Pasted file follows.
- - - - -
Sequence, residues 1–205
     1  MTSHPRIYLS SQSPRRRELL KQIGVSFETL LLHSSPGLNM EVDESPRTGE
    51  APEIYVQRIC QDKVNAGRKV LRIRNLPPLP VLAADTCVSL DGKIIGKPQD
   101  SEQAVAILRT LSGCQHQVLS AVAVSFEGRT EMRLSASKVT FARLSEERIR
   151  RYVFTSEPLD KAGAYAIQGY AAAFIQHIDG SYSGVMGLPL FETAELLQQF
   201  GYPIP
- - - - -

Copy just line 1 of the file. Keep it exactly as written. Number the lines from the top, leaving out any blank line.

Sequence, residues 1–205